Former premier Glen Clark out as president and COO of Jim Pattison Group but remains with company

Former B.C. premier and NDP leader Glen Clark is no longer president and COO of the Jim Pattison Group. (CBC - image credit)
Former B.C. premier and NDP leader Glen Clark is no longer president and COO of the Jim Pattison Group. (CBC - image credit)

Former B.C. premier Glen Clark has stepped down as president and chief operating officer of the multi-billion dollar conglomerate Jim Pattison Group but will remain with the company, according to chairman and CEO Jimmy Pattison.

"Glen Clark has been with us over 20 years. He's been president for the last 10 years, and he's done an excellent job and will continue to be a director of some of our significant companies," Pattison told CBC. "This didn't happen overnight. Glen and I have known this was coming for some time."

Clark joined the Vancouver-based conglomerate in 2001, rising in the ranks from regional division manager. He turned 65 this past November.

Pattison said the new president, Ryan Barrington-Foote, is 45 years old and has been with the company for over 20 years.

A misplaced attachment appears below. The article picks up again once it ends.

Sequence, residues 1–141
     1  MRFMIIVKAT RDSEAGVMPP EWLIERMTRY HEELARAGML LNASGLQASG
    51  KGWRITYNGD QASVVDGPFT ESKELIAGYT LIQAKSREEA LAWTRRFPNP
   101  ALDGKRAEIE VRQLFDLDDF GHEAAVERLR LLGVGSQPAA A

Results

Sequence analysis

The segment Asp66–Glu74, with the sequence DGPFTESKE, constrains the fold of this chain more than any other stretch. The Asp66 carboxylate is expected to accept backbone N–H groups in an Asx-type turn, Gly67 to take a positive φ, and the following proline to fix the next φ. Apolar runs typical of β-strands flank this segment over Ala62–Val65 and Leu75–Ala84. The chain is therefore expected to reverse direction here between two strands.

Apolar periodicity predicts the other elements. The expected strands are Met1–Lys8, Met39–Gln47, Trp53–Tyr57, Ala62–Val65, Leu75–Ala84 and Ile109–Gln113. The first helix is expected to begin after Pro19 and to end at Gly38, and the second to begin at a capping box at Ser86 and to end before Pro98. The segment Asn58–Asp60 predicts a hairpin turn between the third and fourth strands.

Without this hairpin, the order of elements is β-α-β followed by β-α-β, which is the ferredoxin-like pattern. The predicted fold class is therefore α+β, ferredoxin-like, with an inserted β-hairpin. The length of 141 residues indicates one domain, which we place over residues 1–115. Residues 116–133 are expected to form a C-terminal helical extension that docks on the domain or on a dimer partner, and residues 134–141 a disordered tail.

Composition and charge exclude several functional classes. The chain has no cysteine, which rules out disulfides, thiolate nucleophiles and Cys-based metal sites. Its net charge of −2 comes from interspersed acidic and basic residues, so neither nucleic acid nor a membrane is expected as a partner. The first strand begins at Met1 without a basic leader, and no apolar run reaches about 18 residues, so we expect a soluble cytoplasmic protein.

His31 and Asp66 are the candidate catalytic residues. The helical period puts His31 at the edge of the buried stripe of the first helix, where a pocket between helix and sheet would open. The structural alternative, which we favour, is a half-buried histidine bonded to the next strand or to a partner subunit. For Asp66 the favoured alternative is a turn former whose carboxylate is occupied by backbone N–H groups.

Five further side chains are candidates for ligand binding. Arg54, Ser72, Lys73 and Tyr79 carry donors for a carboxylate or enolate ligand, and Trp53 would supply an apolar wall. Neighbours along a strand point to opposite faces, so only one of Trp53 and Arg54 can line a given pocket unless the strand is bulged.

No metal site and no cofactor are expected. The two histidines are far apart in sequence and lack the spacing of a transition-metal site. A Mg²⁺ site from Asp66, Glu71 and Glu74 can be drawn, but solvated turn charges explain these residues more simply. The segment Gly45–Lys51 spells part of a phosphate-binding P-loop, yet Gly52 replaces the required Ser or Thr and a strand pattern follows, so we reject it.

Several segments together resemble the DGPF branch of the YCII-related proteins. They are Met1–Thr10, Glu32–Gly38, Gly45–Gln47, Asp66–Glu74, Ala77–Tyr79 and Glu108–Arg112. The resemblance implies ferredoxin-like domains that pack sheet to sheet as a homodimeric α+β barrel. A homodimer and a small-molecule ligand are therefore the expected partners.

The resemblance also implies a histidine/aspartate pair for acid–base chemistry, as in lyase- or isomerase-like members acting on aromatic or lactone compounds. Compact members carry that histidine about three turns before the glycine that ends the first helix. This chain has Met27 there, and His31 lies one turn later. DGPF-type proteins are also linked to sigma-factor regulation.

"One of the jobs we have is to make sure that we have young people coming up to take over the business. We always try to hire people from inside the company, so we continue to grow."

Clark was first elected to the provincial legislature with the NDP in the riding of Vancouver-Kingsway in 1986. He became NDP leader and premier in 1996, succeeding Mike Harcourt.

His time in politics and the premier's office ended in 1999 when allegations of political corruption arose after it was revealed a neighbour who built a deck at both Clark's family home and cottage had been granted a provisional casino licence.

In an infamous moment in B.C. politics, a local TV station recorded the search of Clark's home by four plainclothes RCMP officers armed with a warrant and broadcast the footage over and over again.

Clark was charged with breach of trust and accepting a benefit in connection to a casino licence. He was acquitted in 2002 after a 136-day trial.